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Average Potential Energy/ Oscillator

  1. Apr 3, 2013 #1
    Hi,
    i regard a single harmonic oszillator: $$H_{1}=\frac{p^{2}}{2m} + \frac{m \omega^{2}}{2} x^{2}$$
    I know the partition function of the oszillator is: $$Z=\frac{kT}{\hbar \omega}$$
    so the probability function is: $$F_{1}(x,p)=\frac{1}{Z}\exp{\frac{-H_{1}(x,p)}{kT}}$$

    Now I want to callculate the average kinetic energy. So, can i do this? :$$
    <\frac{p^2}{2m}>=\int\limits_{-\infty}^\infty dx \int \limits_{-\infty}^\infty dp~~~ F_{1}(x,p) \frac{p^2}{2m}
    $$
     
  2. jcsd
  3. Apr 3, 2013 #2
  4. Apr 3, 2013 #3
    Callculation

    I am not sure if I took the right partition function?
    Is [itex]Z_ {Classical}[/itex] or [itex]Z[/itex] the right function for callculating the average value?

    $$
    \begin{align}
    <\frac{p^2}{2m}> &=\int dp \int dx ~~~\frac{1}{Z} ~~e^{-\beta~\frac{p^2}{2m}}~\cdot ~
    e^{-\beta \frac{m\omega^{2} x^{2}}{2}} ~~\frac{p^2}{2m}\\
    &= \frac{\beta\hbar \omega }{2m} \int dx
    e^{-\beta \frac{m\omega^{2} x^{2}}{2}}
    \cdot
    \int dp~~ p^{2} e^{-\beta~\frac{p^2}{2m}}\\
    &=\frac{\beta\hbar \omega }{2m} ~~\sqrt{\frac{2\pi}{\beta m \omega^{2}}}~~\cdot ~~\sqrt{\frac{2\pi m}{\beta} }\frac{m}{\beta}\\
    &=\frac{\hbar \pi}{\beta}\\
    &=\frac{h~kT}{2}
    \end{align}
    $$
    For the patition function I have seen in a book:
    $$
    Z=\frac{Z_{Classical}}{h} =\frac{2 \pi kT}{h \omega} =\frac{kT}{\hbar \omega}
    ~~~~~~~~~~~~~~~~~~~~~~~~~~;Z_{Classical}= \int \int dx dp ~e^{-\frac{H_{1}(x,p)}{kT}}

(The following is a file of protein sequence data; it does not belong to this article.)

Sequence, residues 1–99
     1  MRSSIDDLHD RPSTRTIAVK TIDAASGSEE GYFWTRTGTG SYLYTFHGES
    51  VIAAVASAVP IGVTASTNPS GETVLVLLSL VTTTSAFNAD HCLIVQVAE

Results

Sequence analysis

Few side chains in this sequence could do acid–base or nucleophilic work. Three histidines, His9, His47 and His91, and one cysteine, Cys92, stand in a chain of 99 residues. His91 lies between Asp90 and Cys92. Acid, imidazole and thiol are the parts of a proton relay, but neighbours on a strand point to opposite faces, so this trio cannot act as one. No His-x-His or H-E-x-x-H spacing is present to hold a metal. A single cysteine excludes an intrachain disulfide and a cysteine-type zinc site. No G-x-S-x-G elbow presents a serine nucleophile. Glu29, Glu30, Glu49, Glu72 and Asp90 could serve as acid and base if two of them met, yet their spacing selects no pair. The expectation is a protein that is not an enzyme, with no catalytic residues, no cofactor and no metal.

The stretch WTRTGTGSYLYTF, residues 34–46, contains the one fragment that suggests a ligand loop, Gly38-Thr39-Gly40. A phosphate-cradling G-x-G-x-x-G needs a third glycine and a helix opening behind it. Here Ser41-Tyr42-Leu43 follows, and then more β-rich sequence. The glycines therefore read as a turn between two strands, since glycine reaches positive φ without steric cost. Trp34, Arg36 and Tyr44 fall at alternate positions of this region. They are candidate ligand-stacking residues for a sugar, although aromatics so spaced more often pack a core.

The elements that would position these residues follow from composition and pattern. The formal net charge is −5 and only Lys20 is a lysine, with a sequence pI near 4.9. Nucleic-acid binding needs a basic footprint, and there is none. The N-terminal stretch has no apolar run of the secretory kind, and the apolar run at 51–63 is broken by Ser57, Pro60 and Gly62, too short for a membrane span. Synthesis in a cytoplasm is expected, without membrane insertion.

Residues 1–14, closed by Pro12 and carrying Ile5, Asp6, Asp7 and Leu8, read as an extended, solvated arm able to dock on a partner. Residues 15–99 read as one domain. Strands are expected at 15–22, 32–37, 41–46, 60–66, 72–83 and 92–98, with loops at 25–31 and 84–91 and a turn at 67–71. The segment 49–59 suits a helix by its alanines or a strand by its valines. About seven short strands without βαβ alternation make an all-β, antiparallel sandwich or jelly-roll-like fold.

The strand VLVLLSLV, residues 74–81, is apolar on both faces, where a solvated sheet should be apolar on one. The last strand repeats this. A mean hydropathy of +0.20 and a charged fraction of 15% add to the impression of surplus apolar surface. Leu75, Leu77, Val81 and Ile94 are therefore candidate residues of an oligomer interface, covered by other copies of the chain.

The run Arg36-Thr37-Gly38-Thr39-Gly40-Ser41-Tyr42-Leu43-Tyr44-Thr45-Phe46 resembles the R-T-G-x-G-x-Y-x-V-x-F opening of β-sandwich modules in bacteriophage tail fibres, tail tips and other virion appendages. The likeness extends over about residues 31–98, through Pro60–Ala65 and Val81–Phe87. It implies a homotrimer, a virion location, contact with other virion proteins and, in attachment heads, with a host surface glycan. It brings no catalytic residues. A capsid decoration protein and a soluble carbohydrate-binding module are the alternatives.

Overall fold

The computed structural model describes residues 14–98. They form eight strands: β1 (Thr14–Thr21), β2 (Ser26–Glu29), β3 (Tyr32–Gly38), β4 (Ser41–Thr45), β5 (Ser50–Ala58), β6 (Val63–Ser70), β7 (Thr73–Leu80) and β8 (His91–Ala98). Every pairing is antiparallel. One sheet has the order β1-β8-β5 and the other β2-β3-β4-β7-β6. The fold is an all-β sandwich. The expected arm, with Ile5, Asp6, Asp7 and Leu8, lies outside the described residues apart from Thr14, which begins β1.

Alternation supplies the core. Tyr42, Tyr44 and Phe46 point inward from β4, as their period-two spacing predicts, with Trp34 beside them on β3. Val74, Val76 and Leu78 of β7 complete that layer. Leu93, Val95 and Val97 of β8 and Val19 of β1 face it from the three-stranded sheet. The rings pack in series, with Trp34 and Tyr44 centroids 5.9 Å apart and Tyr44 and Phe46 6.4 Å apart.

$$
     
    Last edited: Apr 3, 2013
  5. Apr 4, 2013 #4
    Well, obviously you don't want that factor of h in the average k.e.
    The resolution of this is that you have to use a consistent integration measure and partition function. If you use what you've called Z as the partition function, you need to integrate over x and p/h rather than x and p. To see why this is true you have to calculate the partition function using that particular convention, i.e. the partition function itself is an integral over x and p/h rather than x and p, as per the fourth equation in the section http://en.wikipedia.org/wiki/Partition_function_(statistical_mechanics)#Definition .
    The reason i say convention is because this factor due to changing the integration measure has no observable consequences, because the probability of finding the particle in a particular infinitesimal volume of phase space is unchanged.
    Similarly, if you were to work out the quantum HO partition function, you would find that redefining the zero of energy is equivalent to multiplying the partition function by a constant - which is consistent with the idea that the choice of zero of energy is arbitrary.
     
  6. Apr 4, 2013 #5
    Of course, the energy shift thing isn't particular to the SHO - you can see it straight from the definition of Z for any system with discrete energies.
     
  7. Apr 4, 2013 #6
    Go on

    I have seen that the probability density function [itex]F_{1}(x,p)[/itex] I used, is not 1.

    $$
    \int \limits_{-\infty}^{\infty} dx~dp~~F_{1}(x,p)= h
    $$

    So is that an error?
    Do I have to divide my result with h?
     
  8. Apr 4, 2013 #7
    Yes, that's equivalent to using the correct Z.
     
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